The departures of Burke and his deputy, Paloma Garcia Ovejero, signaled that the problems associated with Francis' reform of the Vatican bureaucracy had come to a head, and at a very bad time: The pope is struggling to address a global sex abuse and cover-up scandal that threatens his own legacy.
Francis nevertheless accepted the resignations, which take effect Tuesday, the Vatican said in a statement. He named a longtime member of the Vatican's communications operations, Alessandro Gisotti, as an interim replacement for Burke.
"At this time of transition in Vatican communications, we think it's best the Holy Father is completely free to assemble a new team," Burke tweeted. "New Year, New Adventures."
Burke stressed that he and Garcia prayed about the decision "for months and we're very much at peace with it." Both thanked the pope.
"One stage is ending. Thank you for these two and a half years," Garcia tweeted.
The pope recently overhauled the Vatican's media operations for the second time by ousting the longtime editor of the Vatican newspaper, L'Osservatore Romano, and naming a new director of editorial content for all Vatican media, Italian journalist Andrea Tornielli.
Burke's statement on Twitter that the immediate resignations were months in the making suggested they were not over the recent appointments but a reflection of more deep-seated institutional problems.
The resignations appeared to take the new team by surprise, though the job of Vatican spokesman is notoriously difficult given the feudal nature of the Vatican, its reflexive tendency toward secrecy and the occasional skepticism of journalists.
The head of Vatican communications, Paolo Ruffini, said he respected Burke and Garcia's decision. He praised their professionalism and said he had full confidence in Gisotti, who was a longtime journalist with Vatican Radio and more recently worked as the Vatican's head of social media.
"The year ahead is full of important appointments that will require maximum communications efforts," Ruffini said in a statement.
The comment might have referred to a high-stakes summit on preventing clergy sex abuse that Francis convened for February, as well as the pope's foreign trips planned for 2019: Panama, United Arab Emirates, Morocco, Bulgaria and Macedonia in the first half of the year, and rumored trips to Madagascar and Japan in the second half.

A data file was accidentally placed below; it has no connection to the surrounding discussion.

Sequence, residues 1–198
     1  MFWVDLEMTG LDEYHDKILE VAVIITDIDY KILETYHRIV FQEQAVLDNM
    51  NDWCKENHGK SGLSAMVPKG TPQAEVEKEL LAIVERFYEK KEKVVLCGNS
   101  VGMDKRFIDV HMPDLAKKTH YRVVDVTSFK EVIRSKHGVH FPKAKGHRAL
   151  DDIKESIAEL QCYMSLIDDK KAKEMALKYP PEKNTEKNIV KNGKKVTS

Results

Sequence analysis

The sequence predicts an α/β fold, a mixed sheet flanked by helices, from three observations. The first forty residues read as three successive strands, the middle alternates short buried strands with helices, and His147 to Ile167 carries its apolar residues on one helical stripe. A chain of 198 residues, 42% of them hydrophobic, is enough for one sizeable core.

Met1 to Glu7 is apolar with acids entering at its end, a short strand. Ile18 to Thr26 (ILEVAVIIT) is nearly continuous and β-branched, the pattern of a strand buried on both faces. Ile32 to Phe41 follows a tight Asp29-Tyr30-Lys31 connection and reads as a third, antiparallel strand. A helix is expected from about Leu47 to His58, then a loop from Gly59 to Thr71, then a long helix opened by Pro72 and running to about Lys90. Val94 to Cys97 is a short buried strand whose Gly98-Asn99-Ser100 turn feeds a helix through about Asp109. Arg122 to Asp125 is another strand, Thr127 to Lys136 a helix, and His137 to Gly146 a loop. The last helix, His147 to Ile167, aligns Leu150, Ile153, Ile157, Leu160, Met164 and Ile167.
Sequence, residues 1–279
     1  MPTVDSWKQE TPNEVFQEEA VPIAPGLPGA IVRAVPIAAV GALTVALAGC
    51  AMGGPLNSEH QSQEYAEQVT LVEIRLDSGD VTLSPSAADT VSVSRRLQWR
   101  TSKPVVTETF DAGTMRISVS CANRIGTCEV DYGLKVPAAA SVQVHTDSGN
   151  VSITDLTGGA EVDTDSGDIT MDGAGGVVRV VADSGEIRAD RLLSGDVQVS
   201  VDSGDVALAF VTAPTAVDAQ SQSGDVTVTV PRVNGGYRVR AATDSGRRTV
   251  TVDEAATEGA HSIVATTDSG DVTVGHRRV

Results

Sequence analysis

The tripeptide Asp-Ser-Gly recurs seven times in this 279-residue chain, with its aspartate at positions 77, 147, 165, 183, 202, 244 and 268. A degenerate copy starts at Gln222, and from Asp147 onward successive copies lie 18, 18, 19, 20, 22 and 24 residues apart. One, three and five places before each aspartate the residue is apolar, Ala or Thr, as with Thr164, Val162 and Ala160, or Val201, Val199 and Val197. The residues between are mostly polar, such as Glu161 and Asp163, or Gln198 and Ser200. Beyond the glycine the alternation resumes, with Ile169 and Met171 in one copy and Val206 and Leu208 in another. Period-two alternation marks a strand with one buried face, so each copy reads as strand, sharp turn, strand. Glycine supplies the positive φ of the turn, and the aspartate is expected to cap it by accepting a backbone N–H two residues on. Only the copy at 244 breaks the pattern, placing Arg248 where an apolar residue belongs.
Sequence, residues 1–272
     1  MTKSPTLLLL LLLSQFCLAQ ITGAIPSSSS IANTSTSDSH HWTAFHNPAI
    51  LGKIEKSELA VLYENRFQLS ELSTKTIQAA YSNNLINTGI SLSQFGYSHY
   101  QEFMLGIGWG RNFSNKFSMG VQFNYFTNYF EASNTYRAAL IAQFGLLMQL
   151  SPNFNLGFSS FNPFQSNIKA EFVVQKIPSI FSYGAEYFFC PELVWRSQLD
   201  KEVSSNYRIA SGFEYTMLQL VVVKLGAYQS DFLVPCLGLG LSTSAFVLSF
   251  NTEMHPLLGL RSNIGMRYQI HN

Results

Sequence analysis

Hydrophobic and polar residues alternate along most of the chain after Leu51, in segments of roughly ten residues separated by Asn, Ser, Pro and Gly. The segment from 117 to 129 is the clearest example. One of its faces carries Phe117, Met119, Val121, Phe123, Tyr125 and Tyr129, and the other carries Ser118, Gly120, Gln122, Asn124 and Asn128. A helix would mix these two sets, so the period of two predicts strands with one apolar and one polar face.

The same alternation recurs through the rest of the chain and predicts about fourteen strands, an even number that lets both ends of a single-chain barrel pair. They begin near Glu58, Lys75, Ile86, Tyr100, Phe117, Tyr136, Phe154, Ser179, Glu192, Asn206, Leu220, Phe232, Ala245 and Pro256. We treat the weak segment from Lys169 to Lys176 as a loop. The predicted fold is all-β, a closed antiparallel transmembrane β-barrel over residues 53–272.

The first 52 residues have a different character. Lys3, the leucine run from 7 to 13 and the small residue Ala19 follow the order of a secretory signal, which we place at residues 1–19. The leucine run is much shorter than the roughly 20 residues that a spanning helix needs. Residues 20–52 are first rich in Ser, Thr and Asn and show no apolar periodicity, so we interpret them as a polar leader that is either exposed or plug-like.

Francis still faces continued fallout from the clergy abuse scandal, in Chile, the United States and beyond. The next year will likely see the outcome of a canonical investigation of ex-Cardinal Theodore McCarrick, who has been accused of sexually abusing minors and adult seminarians in the United States, as well as the results of the Vatican's investigation of McCarrick's rise through church ranks.
Longtime Vatican watcher Rocco Palmo tweeted that the standard rule in crisis communications is "you don't leave in the middle of the storm but ride it out.
"To lose both the Vatican's top press hands (both quite devout) in mid-scandal appears to signal that something has become professionally untenable," Palmo tweeted.
Burke was a Fox TV correspondent in Rome when he was hired as a communications adviser for the Vatican's secretariat of state in 2012. At the time, the papacy of Pope Benedict XVI had suffered a series of communications blunders, and it was thought that Burke could provide guidance.
In 2015, Burke was named deputy spokesman under the Rev. Federico Lombardi, an Italian Jesuit.
When Lombardi retired in 2016, Burke became main spokesman and was joined by Garcia, the first woman to ever hold the position of deputy. Garcia had been the Vatican correspondent for the Cadena Cope, the Spanish broadcaster.
The two had internationalized the media operations, organizing unofficial briefings with visiting prelates, providing background information and streamlining communications with journalists during foreign trips.
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